Promotion mix

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Promotion mix
See also

Promotion mix or promotional mix is a set of measures that make up the promotion system, differentiated in terms of their functions and internal structure. The instruments of promotion mix are:

  • advertising,
  • sales promotion,
  • personal selling,
  • public relations,
  • direct marketing .

It is also defined as a subset of marketing mix.


According to Philip Kotler and Gray Armstrong "advertising is any paid form of non-personal presentation and promotion of ideas, goods, or services by an identified sponsor"[1](Kotler P., Armstrong G., 2008, p. 737).

Advertising is characterized as a type of marketing communication that is used by businesses to advertise or offer goods and services. The primary purpose of advertisement is to affect purchasing behaviour by supporting a good, service or business. Advertising relies on innovative positioning and media to accomplish this aim. It promotes awareness of company's offer. Assuming that consumers are aware of a brand or a product, in the promotional mix advertising is a building stone which fortify and reinforce messages in sales promotions and direct marketing.

Advertising types:

  • Informative Advertising - Builds knowledge of brands, goods, services and concepts. This introduces new goods and services and will inform users about the features and advantages of new or existing products.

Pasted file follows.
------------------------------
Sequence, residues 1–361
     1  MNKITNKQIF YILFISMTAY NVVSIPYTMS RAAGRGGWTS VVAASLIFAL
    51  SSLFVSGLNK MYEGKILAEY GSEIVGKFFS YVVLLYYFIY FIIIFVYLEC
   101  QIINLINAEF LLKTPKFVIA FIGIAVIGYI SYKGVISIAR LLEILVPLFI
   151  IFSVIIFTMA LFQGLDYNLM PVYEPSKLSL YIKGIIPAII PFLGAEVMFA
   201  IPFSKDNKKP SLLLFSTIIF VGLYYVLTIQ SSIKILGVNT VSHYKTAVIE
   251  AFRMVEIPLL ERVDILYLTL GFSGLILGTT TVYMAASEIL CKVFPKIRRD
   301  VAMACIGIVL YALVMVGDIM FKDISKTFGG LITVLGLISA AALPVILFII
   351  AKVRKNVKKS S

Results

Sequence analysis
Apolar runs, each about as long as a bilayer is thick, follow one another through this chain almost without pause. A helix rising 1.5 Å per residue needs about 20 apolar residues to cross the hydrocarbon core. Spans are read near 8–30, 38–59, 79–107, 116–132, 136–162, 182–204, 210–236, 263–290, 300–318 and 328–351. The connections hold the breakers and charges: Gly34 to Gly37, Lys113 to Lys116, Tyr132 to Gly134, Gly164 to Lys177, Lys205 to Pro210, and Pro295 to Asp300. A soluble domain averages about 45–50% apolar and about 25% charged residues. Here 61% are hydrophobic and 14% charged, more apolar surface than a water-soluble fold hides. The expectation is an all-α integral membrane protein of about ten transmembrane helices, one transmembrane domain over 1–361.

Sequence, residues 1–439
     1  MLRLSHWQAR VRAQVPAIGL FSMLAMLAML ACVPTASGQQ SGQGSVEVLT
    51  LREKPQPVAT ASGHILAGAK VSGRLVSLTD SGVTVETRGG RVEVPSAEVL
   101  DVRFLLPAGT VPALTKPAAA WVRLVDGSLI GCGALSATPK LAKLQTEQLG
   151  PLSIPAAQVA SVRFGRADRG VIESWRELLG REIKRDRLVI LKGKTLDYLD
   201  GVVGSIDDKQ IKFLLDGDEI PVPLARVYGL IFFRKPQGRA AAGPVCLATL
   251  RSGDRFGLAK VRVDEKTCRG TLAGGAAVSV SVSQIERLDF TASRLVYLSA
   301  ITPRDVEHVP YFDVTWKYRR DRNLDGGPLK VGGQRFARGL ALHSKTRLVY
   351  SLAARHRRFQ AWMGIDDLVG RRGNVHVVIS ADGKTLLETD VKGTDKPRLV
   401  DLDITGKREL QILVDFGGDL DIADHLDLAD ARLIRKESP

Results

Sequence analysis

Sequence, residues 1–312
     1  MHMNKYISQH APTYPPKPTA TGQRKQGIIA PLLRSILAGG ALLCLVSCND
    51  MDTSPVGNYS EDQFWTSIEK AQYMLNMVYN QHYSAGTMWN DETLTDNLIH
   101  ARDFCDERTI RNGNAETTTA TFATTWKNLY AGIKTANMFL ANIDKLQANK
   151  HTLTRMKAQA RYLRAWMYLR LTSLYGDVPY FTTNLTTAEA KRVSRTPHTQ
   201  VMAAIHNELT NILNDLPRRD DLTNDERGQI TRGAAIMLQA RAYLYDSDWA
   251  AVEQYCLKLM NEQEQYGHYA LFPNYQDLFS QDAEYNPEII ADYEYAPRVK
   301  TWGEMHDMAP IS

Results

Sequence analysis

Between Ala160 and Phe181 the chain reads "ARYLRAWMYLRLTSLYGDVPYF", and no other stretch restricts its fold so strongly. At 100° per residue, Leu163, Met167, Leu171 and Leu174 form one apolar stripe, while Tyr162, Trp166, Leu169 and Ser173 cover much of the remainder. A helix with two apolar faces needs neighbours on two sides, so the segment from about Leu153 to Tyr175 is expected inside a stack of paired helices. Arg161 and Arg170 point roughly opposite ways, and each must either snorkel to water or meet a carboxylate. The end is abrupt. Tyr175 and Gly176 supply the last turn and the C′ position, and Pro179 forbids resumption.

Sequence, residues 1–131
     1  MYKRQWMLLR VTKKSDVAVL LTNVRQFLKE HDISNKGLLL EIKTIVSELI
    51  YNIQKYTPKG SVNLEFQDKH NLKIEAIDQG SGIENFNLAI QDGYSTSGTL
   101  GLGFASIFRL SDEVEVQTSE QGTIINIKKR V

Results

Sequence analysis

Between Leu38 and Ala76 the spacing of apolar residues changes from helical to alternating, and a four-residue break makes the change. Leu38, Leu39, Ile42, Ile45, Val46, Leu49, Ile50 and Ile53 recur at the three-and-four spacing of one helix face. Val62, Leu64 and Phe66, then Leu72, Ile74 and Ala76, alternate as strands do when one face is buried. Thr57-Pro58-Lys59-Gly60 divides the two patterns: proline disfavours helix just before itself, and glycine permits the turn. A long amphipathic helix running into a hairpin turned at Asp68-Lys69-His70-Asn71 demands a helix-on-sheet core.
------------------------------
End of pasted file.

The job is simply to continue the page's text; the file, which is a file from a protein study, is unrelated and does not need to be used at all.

• Persuasive Advertising - The purpose is to persuade customers to take action and change brands, to pursue a new product or to stay loyal to the current brand.
  • Reminder Advertising - Reminder advertising is used mainly by proven brands or as a follow-up to a more lengthy promotional strategy to remind the customer of the product or service, or to inject a new dimension or trend into current advertisements.

Different types of advertising methods are:

  • Online Advertising (aka Digital)
  • Cell Phone & Mobile Advertising
  • Print Advertising
  • Guerrilla Advertising (ambient advertising)
  • Broadcast Advertising
  • Outdoor
  • Public Service
  • Product Placement

Sales Promotion

Sales promotion is any form of promoting sales where there is a call to action that results in a demonstrable sales promotion is any form of promoting sales where there is a call to action that results in a demonstrable benefit, whether tangible or not.”[2](Mullion R., Cummins J., 2008, p.1). It is an action or series of actions performed to improve the sales of a single product, for example by decreasing the price or promoting it.

Sales promotion consists of all those elements of the promotion that do not fall under the other elements of the promotion mix, such as direct marketing, advertising, public relations and direct sales. We can therefore distinguish here:

Consumer promotion:

  • price reductions
  • free goods samples
  • vouchers
  • purchase bonuses (i.e. adding free gifts)
  • stamps (for example used in loyalty programs)
  • competitions, lotteries, games

Staff promotion:

  • remuneration system
  • bonuses

Dealer promotion:

  • variable price
  • discounts